A solar panel field and energy storage system planned at Camp Atterbury will provide energy for Indiana customers while also serving as a backup system for the military base near Edinburgh.
Duke Energy is building a microgrid facility, which is a self-contained power system that has the ability to both create and store energy, a Duke Energy news release said.
The goal is to locate battery systems near places that could make the best use of the energy during a power outage, which is why Duke is working with the Indiana National Guard for the microgrid to be built on a military base, said Zak Kuznar, director of business development for Duke Energy.
The storage system, and another proposed in Clark County, would be the first two major ones that Duke Energy will have in Indiana, he said. Duke Energy has spent the past six years researching energy storage, and has now begun building these systems across the Midwest, Kuznar said.
The facility, on about 50 acres of land near the Camp Atterbury entrance between County Road 800S and Edinburgh Road, would include a solar panel field capable of generating 2 megawatts of power, which could power about 2,000 homes, and a battery system capable of storing 5 megawatt hours of power, the release said.
The Indiana Utility Regulatory Commission will need to approve the project, a process which could take as long as nine months, he said. Should the project be approved, construction of the microgrid would begin toward the end of 2018 and be complete in 2019, Kuznar said.
The energy generated and stored at the microgrid will be used to help power homes and businesses served by Duke Energy all over the state, just like energy generated by the company’s coal and natural gas power plants, Kuznar said.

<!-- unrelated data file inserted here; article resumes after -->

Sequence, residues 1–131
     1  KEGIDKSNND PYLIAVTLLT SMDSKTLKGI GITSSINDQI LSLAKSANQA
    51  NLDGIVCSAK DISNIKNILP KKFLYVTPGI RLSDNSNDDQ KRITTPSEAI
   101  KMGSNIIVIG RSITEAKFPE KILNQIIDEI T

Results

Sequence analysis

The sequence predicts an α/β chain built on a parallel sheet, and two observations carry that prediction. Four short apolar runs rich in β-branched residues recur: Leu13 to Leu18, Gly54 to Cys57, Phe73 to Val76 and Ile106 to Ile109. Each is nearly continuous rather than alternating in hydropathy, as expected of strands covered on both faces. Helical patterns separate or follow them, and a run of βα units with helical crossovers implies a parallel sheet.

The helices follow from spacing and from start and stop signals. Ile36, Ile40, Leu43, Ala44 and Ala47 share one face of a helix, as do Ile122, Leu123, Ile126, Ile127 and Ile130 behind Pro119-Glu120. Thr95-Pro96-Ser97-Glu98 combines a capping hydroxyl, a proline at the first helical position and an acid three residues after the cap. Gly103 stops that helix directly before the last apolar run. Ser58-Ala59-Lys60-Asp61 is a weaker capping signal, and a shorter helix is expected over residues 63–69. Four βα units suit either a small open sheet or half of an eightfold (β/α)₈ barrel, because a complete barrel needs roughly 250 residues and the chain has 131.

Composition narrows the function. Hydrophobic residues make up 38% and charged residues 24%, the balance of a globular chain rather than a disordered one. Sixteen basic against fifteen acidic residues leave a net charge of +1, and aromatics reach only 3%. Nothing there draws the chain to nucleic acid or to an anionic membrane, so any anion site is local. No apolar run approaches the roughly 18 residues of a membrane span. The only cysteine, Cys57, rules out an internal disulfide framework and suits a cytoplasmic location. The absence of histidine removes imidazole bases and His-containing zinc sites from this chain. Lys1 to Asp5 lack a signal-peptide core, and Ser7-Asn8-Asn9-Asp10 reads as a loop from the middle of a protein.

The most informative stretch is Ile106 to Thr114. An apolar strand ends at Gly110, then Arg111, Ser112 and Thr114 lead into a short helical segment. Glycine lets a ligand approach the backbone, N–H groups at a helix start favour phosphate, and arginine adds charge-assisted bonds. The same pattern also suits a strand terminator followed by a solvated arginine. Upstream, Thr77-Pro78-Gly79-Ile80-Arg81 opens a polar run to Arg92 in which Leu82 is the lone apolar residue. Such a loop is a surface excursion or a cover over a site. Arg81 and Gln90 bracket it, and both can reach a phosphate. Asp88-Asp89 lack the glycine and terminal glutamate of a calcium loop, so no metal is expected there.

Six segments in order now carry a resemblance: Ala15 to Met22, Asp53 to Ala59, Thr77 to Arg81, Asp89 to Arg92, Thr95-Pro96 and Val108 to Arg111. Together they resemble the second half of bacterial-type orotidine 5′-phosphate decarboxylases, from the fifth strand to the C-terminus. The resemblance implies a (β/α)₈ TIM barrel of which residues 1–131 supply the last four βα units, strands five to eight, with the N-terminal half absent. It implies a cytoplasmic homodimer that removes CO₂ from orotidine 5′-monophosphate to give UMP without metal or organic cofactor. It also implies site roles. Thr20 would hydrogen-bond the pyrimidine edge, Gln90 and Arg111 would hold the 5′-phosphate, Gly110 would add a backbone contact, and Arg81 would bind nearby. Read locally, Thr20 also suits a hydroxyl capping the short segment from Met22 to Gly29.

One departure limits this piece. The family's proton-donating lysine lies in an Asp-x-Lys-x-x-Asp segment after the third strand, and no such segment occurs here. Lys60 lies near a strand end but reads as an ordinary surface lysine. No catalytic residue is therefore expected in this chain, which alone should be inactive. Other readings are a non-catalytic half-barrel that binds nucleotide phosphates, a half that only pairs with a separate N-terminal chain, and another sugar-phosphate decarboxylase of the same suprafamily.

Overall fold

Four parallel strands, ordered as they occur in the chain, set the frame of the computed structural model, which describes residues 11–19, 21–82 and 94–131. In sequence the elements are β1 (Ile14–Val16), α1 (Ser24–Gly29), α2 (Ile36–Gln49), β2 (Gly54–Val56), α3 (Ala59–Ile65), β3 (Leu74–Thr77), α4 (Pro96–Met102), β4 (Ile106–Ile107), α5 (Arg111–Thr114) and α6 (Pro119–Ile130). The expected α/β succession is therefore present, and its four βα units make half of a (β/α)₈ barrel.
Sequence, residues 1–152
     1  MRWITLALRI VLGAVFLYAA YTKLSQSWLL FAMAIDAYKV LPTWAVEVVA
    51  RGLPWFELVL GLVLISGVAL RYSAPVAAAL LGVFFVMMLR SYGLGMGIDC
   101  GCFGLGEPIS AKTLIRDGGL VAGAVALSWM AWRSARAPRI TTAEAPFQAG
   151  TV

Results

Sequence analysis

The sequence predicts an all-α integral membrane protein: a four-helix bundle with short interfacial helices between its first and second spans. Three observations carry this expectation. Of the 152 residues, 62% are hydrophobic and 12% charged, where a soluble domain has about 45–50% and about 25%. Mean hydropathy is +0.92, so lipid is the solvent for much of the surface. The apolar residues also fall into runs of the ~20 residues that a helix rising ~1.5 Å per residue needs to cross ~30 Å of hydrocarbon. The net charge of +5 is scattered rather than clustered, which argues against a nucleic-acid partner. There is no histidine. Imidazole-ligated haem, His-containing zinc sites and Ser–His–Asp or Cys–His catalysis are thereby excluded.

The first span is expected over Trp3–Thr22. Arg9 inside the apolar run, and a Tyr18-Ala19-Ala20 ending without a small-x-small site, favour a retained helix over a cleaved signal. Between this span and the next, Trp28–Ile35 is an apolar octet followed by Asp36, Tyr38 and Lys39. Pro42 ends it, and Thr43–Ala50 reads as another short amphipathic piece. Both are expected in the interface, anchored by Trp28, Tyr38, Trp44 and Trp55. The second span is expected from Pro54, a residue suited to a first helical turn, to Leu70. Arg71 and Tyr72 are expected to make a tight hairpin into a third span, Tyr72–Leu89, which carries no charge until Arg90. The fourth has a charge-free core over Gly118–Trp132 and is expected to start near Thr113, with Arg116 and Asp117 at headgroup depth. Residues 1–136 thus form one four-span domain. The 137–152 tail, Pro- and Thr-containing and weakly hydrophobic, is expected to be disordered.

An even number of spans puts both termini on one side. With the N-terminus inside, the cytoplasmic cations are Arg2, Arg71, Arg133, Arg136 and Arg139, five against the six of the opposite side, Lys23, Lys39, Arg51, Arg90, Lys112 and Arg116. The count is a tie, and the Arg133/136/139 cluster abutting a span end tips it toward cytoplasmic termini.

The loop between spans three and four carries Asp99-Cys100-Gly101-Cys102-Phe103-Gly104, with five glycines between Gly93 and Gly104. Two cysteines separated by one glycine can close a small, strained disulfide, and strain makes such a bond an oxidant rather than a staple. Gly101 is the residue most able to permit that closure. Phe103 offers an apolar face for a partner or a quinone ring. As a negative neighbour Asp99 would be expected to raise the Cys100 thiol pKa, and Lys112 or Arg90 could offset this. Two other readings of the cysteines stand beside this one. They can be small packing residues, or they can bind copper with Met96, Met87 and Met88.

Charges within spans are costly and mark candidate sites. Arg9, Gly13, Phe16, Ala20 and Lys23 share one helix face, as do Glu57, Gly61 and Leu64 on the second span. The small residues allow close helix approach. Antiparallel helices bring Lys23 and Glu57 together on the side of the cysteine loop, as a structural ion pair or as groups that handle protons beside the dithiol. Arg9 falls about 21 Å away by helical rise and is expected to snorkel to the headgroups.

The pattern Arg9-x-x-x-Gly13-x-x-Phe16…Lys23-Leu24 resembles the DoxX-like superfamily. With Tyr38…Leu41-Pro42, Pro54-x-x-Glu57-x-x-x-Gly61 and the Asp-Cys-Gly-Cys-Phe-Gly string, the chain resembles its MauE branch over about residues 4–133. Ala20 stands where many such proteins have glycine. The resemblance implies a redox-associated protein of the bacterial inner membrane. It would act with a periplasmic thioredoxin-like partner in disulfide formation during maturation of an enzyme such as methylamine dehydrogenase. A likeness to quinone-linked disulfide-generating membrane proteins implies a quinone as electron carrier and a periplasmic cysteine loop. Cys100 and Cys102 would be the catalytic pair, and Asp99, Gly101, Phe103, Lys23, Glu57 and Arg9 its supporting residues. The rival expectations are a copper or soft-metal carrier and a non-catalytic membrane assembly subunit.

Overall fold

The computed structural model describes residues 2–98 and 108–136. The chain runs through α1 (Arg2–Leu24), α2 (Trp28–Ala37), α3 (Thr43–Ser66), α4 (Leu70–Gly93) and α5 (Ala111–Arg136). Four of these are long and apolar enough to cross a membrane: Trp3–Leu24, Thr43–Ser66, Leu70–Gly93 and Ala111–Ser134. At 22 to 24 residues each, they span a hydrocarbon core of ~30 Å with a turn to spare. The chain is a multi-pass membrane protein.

The benefit of the battery storage systems is that they allow Duke Energy to better manage electric output and generation between periods of heavy and light usage, making the overall system more efficient, he said. Research and development of battery storage is an essential part of making renewable energy, such as solar, more viable, as solar power is only available for portions of the day, Kuznar said.
In the case of a power outage, the energy stored in the battery system will be used solely by Camp Atterbury, he said.
“Camp Atterbury, the Indiana National Guard and Duke Energy have worked together on several mutually beneficial projects over the years,” Col. John Silva, Camp Atterbury’s commanding officer, said in a news release. “This proposed project will increase our strategic value and give us the ability to continue our mission-critical operations in the unlikely event of a large grid outage.”
The cost of the project hasn’t been finalized yet, but will be in the next several weeks, Kuznar said. The Indiana National Guard will be leasing the land to Duke Energy in exchange for getting the backup electricity.